Equality Virginia is a strong supporter of religious free exercise. We support the right of each faith tradition to worship without government interference including the right to determine for whom it will celebrate marriage as a religious rite. The business of running a state-licensed adoption or child care agency is not, however, a religious rite. No religious organization is “forced” to offer such services. Those faith-based organizations that choose to provide such services do so recognizing that there are rules they must follow to be licensed and to serve as an agent of the state in overseeing placement of foster children who are the state’s legal children or facilitating what ultimately is the state action of terminating the parental rights of a child’s biological parents and affirming the acceptance of parental rights and obligations by the child’s new adoptive parents. Those organizations whose religious beliefs mean that they cannot perform this voluntarily assumed civic responsibility without discrimination can avoid any conflict by simply choosing not to take on this public role or become licensed to perform these services.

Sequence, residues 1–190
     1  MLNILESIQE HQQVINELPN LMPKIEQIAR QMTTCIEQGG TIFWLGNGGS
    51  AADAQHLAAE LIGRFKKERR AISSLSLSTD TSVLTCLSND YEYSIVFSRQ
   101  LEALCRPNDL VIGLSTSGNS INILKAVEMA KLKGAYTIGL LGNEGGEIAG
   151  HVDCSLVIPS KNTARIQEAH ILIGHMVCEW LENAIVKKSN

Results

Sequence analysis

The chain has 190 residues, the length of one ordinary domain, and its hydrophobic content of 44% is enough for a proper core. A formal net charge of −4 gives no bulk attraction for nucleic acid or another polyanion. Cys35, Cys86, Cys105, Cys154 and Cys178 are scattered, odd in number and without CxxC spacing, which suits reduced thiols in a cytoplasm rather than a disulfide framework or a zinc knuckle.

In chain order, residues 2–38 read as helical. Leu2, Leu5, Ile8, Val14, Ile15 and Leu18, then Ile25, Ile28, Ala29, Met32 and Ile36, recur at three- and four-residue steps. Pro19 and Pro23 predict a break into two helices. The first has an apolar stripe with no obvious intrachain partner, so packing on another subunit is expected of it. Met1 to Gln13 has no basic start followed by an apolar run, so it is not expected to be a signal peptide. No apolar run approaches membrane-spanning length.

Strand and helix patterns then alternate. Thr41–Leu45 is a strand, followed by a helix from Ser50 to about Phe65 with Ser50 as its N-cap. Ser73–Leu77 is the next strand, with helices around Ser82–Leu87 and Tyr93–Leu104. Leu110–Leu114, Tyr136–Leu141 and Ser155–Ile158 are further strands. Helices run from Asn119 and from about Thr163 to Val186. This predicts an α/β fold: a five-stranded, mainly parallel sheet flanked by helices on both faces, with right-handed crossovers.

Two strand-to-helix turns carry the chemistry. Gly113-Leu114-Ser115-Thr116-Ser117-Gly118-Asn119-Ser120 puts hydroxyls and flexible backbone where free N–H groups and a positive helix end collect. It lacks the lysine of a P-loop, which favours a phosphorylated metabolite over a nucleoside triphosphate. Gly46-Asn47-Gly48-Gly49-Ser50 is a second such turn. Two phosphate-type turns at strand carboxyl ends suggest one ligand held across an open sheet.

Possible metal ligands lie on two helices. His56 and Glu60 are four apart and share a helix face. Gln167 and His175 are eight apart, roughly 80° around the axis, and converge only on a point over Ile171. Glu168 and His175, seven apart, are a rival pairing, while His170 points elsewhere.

Ultimately, this is not an issue of religious rights or LGBTQ rights, but the rights of children in Virginia. Decisions whether to recommend the placement of individual children in individual homes should be made based on the best interests of the child as determined from an individualized evaluation of the needs of the child and the ability of a prospective parent(s) to meet them. These decisions should not be based on the political or religious views of any child placement agency, particularly when that agency is performing as an agent of the Commonwealth of Virginia.
Children in Alabama who need good homes may find it harder to get adopted. In March the Alabama House passed a bill allowing adoption agencies to discriminate against same-sex couples, based on the agency’s “sincerely held religious beliefs.” On Wednesday, the Alabama Senate passed the same bill. The new law matches one that’s been on the books [...]April 21, 2017